As I write these lines, Washington is abuzz with the news of Donald Trump's top security advisor, Michael Flynn's resignation. The White House is trying to clean up the mess Flynn's rather over-zealously erratic act created, ending up in critics looking at the election victory in a whole new light.
Ironically, Trump saw in Flynn the capability to penetrate the Russian iron curtain by virtue of his connections with Moscow. Ironically also, it was Flynn who had put Iran on an unexplained and unelaborated 'notice' early February - an ill-conceived, rhetoric ridden, flash in the pan type of a half-step that really just reiterated Washington's unsavoury relationship with Tehran.
In a world of deceit and absurdity, Trump may be the master of it all, but in the realm of international relations, he's no Albert Einstein. He played with the fantasies of poorly educated Americans during his election campaign, aroused their passions, awoke sleeping demons and eventually managed to win the presidential election.
While he lucked out domestically, Trump's dreams of reorganising and reconfiguring US foreign policy interests and strategic alignments may never see the light of the day. Tweaking the North American Free Trade Agreement (NAFTA), renegotiating NATO, denying climate change, pulling out from the Trans-Pacific Partnership (TPP) trade deal and building a real wall along the Mexico-US border may bring together a few thousand howling folks at an election rally and win him votes, but from the prism of realism, these are just non-starters, to say the least.
Amongst a thousand things on Trump's laundry list to change the course of world affairs is his delusion of driving a wedge between Iran and Russia in order to get Moscow on his side. Whatever the truth may be, Trump's obsession with Vladimir Putin has irked not just the US intelligence community but also our allies. However, Trump has persisted and insisted that he wants to work it out with Russia and improve relations. Divide and rule is what he wants. Poison Putin against Tehran, forge an alliance with him, and go after Iran to (a) prove that the US and Russia can work together to defeat ISIS, and (b) appease the Iran sceptics - right-wing and Benjamin Netanyahu included - by declaring an all-out confrontation with Tehran.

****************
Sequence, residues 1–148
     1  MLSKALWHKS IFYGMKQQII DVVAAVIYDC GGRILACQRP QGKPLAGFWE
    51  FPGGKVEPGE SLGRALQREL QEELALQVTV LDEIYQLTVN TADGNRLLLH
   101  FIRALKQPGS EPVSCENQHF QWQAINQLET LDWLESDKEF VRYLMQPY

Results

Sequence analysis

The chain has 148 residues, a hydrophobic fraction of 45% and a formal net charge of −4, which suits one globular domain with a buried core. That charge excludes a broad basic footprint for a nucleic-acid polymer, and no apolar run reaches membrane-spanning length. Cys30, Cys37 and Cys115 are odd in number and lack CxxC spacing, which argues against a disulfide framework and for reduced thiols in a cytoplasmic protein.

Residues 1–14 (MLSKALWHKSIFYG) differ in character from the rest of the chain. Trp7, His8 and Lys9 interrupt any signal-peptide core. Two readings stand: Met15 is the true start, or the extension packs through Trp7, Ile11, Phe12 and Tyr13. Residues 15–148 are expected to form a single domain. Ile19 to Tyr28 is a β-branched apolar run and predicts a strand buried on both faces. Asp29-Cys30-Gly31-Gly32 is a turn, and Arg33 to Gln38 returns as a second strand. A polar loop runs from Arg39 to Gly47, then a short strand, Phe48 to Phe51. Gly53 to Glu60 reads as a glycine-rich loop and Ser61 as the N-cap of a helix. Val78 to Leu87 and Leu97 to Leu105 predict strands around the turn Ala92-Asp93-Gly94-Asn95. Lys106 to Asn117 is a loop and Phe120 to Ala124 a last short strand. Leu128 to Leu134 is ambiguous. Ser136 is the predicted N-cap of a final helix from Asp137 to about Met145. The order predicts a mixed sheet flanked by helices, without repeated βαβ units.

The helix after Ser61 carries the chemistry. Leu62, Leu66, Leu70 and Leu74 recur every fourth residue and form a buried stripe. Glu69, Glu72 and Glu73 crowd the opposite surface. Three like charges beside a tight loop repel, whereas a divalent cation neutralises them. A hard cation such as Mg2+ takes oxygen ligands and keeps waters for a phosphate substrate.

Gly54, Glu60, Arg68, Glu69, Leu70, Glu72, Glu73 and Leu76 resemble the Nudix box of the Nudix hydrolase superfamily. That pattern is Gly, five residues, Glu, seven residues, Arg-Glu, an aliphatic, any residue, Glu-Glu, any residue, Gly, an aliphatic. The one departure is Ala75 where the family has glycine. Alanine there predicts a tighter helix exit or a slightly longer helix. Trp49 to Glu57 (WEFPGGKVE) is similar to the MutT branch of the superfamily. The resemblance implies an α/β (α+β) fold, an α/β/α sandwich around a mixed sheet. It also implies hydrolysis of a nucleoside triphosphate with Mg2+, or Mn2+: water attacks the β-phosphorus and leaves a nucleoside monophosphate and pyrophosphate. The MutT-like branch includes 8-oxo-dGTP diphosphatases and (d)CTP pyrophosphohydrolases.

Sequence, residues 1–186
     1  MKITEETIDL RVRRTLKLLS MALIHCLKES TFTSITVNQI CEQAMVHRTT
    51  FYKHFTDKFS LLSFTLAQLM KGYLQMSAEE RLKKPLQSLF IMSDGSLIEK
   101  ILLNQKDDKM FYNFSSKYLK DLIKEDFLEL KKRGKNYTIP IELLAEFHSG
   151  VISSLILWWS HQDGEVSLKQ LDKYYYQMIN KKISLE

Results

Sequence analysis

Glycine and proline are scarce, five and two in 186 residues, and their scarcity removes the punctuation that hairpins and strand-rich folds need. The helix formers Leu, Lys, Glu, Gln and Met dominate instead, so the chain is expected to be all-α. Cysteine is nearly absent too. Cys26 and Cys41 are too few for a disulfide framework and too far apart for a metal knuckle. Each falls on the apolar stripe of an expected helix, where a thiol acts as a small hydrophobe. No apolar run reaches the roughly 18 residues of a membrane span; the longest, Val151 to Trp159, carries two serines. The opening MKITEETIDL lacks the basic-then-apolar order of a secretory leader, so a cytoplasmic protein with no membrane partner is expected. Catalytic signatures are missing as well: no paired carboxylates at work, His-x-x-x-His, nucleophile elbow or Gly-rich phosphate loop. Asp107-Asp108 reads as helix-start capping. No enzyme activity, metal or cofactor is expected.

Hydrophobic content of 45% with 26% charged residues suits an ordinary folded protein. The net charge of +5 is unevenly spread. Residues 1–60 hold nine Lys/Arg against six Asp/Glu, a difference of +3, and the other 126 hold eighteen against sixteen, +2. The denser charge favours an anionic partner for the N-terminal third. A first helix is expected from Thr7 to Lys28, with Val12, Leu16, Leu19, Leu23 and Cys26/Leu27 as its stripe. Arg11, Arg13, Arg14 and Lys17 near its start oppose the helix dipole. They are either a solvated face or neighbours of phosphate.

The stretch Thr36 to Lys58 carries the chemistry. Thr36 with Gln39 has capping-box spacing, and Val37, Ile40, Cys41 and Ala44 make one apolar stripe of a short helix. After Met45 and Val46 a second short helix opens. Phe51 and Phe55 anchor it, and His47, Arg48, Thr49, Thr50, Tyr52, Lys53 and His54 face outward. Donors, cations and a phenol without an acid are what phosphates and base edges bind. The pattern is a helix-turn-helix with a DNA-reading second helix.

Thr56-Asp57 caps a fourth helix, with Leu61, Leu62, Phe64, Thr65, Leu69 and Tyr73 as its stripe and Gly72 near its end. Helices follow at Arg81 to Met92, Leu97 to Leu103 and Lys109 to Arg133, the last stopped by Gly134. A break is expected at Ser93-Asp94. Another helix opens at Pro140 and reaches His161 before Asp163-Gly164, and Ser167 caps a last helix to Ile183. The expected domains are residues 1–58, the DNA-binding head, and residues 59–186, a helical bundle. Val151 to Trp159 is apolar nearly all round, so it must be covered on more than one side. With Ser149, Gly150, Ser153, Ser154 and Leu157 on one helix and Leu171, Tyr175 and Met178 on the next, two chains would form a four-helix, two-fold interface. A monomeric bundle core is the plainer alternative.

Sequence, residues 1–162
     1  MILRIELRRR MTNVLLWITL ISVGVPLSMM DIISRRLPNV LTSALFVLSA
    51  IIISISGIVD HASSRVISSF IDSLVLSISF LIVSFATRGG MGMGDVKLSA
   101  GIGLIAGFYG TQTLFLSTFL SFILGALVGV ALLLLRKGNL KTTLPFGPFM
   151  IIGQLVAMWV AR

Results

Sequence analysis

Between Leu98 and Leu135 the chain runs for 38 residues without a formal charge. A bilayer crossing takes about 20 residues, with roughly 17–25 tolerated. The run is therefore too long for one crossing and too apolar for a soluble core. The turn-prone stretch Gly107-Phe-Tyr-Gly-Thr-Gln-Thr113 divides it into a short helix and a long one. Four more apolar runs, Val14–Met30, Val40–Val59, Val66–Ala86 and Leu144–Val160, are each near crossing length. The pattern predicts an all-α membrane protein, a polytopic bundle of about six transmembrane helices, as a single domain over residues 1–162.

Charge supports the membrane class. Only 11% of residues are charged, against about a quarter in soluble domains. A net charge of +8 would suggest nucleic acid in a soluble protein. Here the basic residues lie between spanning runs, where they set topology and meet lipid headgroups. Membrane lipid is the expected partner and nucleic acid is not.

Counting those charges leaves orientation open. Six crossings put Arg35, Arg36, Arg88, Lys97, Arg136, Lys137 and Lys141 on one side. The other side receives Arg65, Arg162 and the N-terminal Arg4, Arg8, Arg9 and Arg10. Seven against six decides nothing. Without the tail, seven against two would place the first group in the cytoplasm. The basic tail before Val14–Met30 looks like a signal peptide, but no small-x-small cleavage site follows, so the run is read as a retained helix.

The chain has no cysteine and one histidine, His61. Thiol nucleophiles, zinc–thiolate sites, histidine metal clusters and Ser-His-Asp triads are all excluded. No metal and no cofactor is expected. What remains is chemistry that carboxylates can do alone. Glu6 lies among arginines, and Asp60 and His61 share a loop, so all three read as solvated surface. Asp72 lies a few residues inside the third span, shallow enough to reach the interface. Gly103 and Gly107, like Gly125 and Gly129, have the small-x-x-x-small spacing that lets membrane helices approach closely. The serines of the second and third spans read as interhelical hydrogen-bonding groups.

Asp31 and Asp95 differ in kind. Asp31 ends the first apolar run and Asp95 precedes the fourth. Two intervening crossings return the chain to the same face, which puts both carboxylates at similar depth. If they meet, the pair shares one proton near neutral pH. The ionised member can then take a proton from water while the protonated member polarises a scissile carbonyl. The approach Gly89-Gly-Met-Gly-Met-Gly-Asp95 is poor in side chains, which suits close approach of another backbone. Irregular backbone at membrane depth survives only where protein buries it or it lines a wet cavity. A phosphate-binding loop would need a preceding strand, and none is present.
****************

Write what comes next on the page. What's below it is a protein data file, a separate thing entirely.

At the expense of sounding derogatory towards Trump's or take wind out of Secretary Rex Tillerson's sails, the US realistically doesn't stand a chance to cosy in with Russia or break the Moscow-Tehran alliance. The reasons are simple:
- Russia and Tehran have a history of cordial relations. They are age-old allies.
- Despite a push for closer Moscow-Washington relations, elements within the US power structure will not allow Trump to let the guard down. It's a nightmare scenario for them. - Moscow needs Iran. Syria, a crucible of Russia-Iran cooperation, has brought these two countries closer than ever before.
- Moscow and Washington don't agree on much. Similarly, Russia disagrees with the US assessment of Iran. Moscow sees Iran from a 'different lens' altogether.
- Putin needs the Ayatollahs to fulfil his strategic goals in the Middle East. The Syrian conflict is pretty much Russia's war now. Iran has even allowed Russia to use it military bases to launch operations in Syria - an unprecedented step.
Trump's brand of bad-ass, belligerent diplomacy, unlike some of his executive-order ridden measures, is a non-starter. With the Flynn episode looming large on the horizon that would perhaps lead to a deeper scrutiny of Trump's Russia connection, it'll be prudent if he backs off and holds his horses as far as meddling with Russia and Iran is concerned.
Trump's so-called comradely with Putin isn't real. The Flynn crisis and the Ukraine problem will test Trump diplomatic skills. What's real is Putin tinkering with US global interests, masterminding an unprecedented US policy debacle and bringing back the good old glory of the Soviet days.
What must not be forgotten is that Putin, a former KGB boss, is a perpetual schemer. He plays his cards close to his chest. The Cold War may have ended but the diehard Politburo mentality is still alive and kicking. Putin is already showing his teeth. He's an opportunist and he sees Trump as a soft target. There was, after all, a reason for 'installing' a weak individual in the Oval Office.
As for Iran, their leadership takes no nonsense. Decades of sanctions and years of isolation have only made that nation smarter and more resilient. The way they negotiated the nuclear deal is a testimony of their vision and farsightedness. Things are looking up now.
Trump can't do much against Iran and the Iranians are aware of that. For one, he doesn't have room to manoeuvre around the treaty - it's an international pact and the US is only one of the signers. Secondly, Tehran is fulfilling all the requirements of the treaty. Most importantly, Iran has an international standing, credibility and friends in the right places to ensure that Trump's little plan won't work.
Trump has a lot to learn in terms of everything to do with the government. He might get by his arm twisting and bullying the general populace of the US but in terms of foreign relations, it'll be a rough ride. Implementing those impulsive campaign ideas will be a near impossible adventure. He can jump off the click but can't succeed.
Luckily, there are some good men still around along with institutions and a robust checks and balance system in place to keep Trump's hot-headedness at bay. Additionally, he must, first of all, sort out the 'unbelievable turmoil' in his own backyard before venturing to pry into other's affairs and respond to the long list questions that the world has about his credibility. He can't keep deflecting or acting ignorant forever.
The article was first published Here